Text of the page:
St Luke's church, Ullingswick
St Luke's church, Ullingswick

Churches do not come much simpler than St Luke's, in the exceedingly rural surroundings of Ullingswick. The church consists of a nave and chancel, both medieval, with a Victorian porch and bell turret of timber, built by FR Kempson (see Stoke Lacy) in 1862.

The turret is of shingle with lead below. Another interesting exterior feature, also Victorian, is the rainwater spouts, designed by Henry Woodyer, who built the church and college at Tenbury.

The nave is Norman, with deeply splayed lancets in both the north and south walls, and fragments of There is another Norman lancet in the west wall of the nave and 12th-century jambs in the south doorway.

The chancel is 13th century, with a large east window inserted around 1300, though the stained glass is from about 1860, by the Victorian firm of Clayton and Bell. At the top of the window is a fragment of 15th-century glass from the 15th century, depicting the Crucifixion.

John Hill memorial, 1591
John Hill memorial, 1591

The most interesting - and rather unusual - feature of St Luke's is on the south wall of the nave where you will find a memorial painted on stone to John Hill, who died in 1591. Hill lived at Lower Court, just a short distance from the church.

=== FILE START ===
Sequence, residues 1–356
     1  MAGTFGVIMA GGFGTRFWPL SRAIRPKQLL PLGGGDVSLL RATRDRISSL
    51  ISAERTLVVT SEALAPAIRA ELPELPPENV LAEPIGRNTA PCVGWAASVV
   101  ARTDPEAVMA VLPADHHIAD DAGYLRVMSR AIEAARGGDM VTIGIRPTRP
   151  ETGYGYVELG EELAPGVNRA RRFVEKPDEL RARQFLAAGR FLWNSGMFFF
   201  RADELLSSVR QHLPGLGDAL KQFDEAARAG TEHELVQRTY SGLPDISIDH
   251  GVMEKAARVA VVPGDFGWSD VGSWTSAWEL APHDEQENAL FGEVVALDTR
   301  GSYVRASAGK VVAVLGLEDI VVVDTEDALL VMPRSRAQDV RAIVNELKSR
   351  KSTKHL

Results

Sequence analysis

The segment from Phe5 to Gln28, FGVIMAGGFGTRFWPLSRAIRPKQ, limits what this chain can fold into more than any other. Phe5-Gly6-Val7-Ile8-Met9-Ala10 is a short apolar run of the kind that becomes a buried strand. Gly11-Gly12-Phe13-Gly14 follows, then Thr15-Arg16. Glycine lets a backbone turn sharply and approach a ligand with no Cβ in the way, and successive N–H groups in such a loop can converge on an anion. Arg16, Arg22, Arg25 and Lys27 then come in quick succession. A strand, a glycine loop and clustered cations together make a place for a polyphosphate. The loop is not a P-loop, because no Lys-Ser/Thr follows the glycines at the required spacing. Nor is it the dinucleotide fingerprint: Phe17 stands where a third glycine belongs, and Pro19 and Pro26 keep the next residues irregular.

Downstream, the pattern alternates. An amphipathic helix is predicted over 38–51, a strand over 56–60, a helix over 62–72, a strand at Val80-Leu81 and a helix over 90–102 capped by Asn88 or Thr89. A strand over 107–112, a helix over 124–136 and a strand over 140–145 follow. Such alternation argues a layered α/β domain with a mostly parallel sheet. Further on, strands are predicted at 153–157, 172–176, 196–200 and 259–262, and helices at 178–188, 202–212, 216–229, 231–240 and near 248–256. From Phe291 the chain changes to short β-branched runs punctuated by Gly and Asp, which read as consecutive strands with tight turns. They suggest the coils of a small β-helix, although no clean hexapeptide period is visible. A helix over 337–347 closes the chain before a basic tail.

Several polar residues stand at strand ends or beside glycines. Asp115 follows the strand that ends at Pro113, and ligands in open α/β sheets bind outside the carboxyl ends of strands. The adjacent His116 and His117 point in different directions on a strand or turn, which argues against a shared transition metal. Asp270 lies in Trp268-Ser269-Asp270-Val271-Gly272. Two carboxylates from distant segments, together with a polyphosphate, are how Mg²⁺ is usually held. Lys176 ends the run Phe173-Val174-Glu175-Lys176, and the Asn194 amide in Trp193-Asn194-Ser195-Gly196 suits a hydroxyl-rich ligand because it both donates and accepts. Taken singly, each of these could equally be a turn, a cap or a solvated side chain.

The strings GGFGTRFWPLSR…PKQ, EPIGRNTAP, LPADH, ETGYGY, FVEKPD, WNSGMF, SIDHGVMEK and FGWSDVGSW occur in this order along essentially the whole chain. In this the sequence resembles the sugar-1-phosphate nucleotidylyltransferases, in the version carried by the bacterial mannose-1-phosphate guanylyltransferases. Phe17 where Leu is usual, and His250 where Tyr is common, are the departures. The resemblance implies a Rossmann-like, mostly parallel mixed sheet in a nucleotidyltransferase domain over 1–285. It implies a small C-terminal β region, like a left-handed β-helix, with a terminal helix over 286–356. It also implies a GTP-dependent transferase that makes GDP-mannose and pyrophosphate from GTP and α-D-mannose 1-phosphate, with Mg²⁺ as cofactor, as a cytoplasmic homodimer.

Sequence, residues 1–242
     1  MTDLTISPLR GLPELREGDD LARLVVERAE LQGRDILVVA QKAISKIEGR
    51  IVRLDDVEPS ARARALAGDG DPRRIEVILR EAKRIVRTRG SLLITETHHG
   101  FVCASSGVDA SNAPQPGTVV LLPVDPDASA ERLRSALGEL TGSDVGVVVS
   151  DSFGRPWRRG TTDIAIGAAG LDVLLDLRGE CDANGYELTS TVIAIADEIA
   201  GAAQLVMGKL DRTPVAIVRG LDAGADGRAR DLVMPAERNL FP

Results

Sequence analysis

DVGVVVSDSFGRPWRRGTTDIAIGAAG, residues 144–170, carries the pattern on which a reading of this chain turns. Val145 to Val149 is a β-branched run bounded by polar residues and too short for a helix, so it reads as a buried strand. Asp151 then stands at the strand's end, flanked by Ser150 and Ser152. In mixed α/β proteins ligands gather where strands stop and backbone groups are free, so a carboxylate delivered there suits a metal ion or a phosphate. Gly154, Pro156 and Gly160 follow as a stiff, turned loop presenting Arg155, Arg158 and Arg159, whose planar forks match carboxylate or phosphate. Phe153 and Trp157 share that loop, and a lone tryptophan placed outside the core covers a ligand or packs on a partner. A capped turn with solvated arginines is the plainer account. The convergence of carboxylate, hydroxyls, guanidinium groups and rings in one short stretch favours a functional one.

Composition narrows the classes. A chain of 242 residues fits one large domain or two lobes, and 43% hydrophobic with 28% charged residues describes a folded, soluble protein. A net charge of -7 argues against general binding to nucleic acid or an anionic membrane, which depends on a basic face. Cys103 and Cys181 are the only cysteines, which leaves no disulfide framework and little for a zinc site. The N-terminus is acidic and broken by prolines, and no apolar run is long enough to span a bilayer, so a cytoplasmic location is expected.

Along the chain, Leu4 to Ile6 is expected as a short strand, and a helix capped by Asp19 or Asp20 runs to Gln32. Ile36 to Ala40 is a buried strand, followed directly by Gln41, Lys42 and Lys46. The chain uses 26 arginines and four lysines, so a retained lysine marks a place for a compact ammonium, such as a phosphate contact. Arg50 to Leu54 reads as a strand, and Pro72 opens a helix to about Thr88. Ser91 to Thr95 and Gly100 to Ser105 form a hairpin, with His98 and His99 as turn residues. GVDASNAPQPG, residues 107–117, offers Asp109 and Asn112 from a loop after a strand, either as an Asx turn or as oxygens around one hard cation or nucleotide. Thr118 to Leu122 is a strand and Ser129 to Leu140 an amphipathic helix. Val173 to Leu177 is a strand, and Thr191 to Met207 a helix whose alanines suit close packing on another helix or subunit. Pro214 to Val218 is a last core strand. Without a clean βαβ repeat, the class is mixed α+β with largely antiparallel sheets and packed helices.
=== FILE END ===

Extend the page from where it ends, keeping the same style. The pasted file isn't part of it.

The painting shows an effigy of the deceased atop a tomb chest, with his wife Elizabeth and three children kneeling around it and scrolls unrolling over his head with an inscription about his identity. Also in the scene are a pair of infants bound in shrouds; unfortunate babies who died in infancy.

The font is octagonal, with a 13th-century stem and a recut 15th-century bowl. There is also a 13th-century coffin lid in the chancel, reused as a grave slab for John Pitt (d. 1699).

Carved screen, 1904
Carved screen, 1904

Also in the chancel is a peculiar recess in the south wall thought to have been a 17th-century fireplace, indicating that there was probably a box pew here for the squire and his family. The piscina is 13th century.

The pulpit, lectern, and screen were all installed in 1905-5 as a memorial to a former rector, John Ware, who served the parish for 49 years from 1854.

The very fine altar panels are Victorian, by an unknown artist and there is a 'Positive' manual organ, made by W.R. Andrew of London and one of only 2 known in Herefordshire churches.

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About Ullingswick
Address: Ullingswick, Herefordshire, England, HR1 3JQ
Attraction Type: Historic Church
Location: Beside Upper Court in Ullingswick, about one mile east of the A147 and four miles south-west of Bromyard
Website: Ullingswick
Location map
OS: SO596499
Photo Credit: David Ross and Britain Express


Heritage Rated from 1- 5 (low to exceptional) on historic interest

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